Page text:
Mary Kim Titla: "Dr. Begay, would you like to add to that?"

Dr. Manley Begay: "Sure. It seems from the work that we've been doing that nation building or nation rebuilding, as Steve mentioned, really began to occur with most Indian nations around 1975 when the Indian Self-Determination Act was ushered in, and since then a lot of Indian nations have begun to wrestle with rethinking their political systems, rethinking their economies and it's not unlike other nations that have gone through colonization and all of a sudden found themselves in the midst of freedom, if you will, very much like what occurred in Eastern Europe after the Soviet Union fell apart. Poland is wrestling with issues of constitutional reform, you had the European Union there, and Indian nations are in the same boat and a lot of other colonized society are wrestling with Nation building and rebuilding."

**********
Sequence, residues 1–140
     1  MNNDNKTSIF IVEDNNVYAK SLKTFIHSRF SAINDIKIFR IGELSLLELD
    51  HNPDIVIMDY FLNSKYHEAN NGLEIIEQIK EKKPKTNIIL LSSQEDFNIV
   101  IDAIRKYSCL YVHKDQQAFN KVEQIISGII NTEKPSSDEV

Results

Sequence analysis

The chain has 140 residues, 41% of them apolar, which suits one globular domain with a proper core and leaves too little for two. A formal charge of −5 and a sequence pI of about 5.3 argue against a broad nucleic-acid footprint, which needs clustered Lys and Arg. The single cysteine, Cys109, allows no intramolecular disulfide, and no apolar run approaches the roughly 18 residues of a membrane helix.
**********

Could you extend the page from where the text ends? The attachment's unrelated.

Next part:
Mary Kim Titla: "Let's talk about the research. What prompted the Harvard Project and the Native Nations Institute to embark on the research?"